Navigating the Sound: St Simons Island Lighthouse

St Simons Light
St Simons Light

With school out for summer break, our coastal Georgia area begins to fill with visitors, tourists and summer residents. The snowbirds are long gone now. Their absence felt only briefly before traffic once again begins to swell with weekend and summer residents. Bicycles and golf carts rein on roads close to the beach. So with these changes, we introduce our new theme, Walk-About Wednesdays. Each week, an area of our coastal heaven will be highlighted with photos, historical insights, memories and musings. Today’s Walk-About topic is the St Simons Island Lighthouse. 

View of Neptune Park from the top of Lighthouse
View of Neptune Park from the top of Lighthous

The Coastal Georgia Historical Society operates the Lighthouse and a wonderful museum store located in the A.W. Jones Heritage Center. The lighthouse was first built in 1810. Appointed in May 1810 by President Madison as the first keeper, James Gould held this position at an annual salary of $400 until his 1837 retirement.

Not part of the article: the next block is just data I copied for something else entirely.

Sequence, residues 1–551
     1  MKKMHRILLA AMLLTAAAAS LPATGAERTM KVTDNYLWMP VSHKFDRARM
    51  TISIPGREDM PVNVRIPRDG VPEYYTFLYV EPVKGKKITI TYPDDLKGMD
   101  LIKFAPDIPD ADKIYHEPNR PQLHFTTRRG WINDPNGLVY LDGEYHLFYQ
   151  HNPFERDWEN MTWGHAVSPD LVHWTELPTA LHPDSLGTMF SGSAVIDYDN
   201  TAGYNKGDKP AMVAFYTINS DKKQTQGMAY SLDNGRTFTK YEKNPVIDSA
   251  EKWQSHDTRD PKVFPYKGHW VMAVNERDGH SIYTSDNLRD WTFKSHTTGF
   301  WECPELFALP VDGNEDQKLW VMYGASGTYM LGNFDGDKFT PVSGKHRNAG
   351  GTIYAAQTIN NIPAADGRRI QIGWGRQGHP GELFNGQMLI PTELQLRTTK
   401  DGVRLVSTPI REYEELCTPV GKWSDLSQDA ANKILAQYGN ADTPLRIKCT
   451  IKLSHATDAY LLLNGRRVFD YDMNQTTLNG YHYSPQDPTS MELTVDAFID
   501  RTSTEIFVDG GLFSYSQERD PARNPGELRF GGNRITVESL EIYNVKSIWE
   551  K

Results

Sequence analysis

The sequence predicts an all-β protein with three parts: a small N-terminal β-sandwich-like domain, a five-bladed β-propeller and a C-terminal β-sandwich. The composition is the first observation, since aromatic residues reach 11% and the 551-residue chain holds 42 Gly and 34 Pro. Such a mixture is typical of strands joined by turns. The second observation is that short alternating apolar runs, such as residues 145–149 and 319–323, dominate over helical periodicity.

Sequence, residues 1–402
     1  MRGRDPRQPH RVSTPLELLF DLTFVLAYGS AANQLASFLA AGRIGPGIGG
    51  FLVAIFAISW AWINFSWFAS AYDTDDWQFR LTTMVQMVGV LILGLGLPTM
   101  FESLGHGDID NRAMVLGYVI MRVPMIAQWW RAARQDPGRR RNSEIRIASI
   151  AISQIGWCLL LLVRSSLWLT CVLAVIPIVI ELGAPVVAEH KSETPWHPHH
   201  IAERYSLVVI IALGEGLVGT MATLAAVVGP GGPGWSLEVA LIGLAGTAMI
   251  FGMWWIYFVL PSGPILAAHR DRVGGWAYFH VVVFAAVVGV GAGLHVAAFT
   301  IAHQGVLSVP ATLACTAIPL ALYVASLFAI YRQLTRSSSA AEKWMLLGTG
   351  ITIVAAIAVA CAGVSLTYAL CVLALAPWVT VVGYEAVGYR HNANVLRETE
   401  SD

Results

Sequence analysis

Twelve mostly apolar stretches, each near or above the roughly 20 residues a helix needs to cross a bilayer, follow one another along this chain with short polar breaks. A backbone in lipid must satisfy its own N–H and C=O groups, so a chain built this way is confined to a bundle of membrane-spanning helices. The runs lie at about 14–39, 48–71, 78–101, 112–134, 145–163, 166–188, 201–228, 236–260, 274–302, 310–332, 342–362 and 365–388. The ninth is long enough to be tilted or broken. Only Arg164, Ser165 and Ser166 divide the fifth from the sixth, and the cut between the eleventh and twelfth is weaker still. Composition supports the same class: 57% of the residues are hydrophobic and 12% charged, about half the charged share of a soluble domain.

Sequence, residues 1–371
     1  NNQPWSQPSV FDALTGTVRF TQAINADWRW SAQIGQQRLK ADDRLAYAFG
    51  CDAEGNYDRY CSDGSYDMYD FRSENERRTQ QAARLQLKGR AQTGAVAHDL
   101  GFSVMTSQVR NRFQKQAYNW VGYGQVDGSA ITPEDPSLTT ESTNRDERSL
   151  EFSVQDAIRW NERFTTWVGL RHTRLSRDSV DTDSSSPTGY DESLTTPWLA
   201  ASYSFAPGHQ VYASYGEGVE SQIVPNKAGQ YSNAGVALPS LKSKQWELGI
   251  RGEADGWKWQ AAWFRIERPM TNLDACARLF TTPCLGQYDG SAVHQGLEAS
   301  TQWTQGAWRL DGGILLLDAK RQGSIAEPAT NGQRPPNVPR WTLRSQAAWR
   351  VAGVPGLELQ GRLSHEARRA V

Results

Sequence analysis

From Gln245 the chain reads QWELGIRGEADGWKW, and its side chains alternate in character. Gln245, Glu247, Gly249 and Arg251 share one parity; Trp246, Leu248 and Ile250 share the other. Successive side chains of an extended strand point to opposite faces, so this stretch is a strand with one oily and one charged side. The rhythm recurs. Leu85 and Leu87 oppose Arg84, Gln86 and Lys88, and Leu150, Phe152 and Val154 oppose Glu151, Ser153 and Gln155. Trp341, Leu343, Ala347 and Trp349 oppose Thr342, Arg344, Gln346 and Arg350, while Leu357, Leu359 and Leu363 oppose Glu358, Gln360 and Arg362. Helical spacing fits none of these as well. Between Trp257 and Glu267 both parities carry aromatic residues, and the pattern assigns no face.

The Light

During the Civil War, the blockade of Federal ships and the subsequent invasion of Georgia by Federal troops forced the Confederates to evacuate St. Simons Island. Prior to leaving in 1862, the Confederates destroyed Gould’s lighthouse so the Federal forces could not use it as a navigational aid. The ruins of the first lighthouse were partially excavated by archaeologists during August 1974.  In 1872 the U. S. Government ordered the construction of a second lighthouse that was placed west of the first. The 104-foot tower, which has a 129-step cast iron spiral staircase and an adjacent keeper’s house, were designed by one of Georgia’s most noted architects, Charles Cluskey.


Today, with the assistance of the U.S. Coast Guard Auxiliary, the light continues as an Aid to Navigation, shining seaward every night and during inclement weather. Popular Sunday evening concerts are held on the lighthouse grounds and the area is often booked for destination weddings and receptions.

Source: Coastal Georgia Historical Society

Nancy Kirkpatrick


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